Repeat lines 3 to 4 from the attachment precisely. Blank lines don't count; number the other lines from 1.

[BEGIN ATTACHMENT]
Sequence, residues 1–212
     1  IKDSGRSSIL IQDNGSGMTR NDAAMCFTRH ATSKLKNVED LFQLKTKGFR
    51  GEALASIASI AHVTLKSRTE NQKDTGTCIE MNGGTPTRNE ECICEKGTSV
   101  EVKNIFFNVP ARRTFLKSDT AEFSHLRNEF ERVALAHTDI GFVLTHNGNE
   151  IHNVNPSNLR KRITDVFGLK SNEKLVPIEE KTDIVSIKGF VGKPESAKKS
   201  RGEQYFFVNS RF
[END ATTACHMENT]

    51  GEALASIASI AHVTLKSRTE NQKDTGTCIE MNGGTPTRNE ECICEKGTSV
   101  EVKNIFFNVP ARRTFLKSDT AEFSHLRNEF ERVALAHTDI GFVLTHNGNE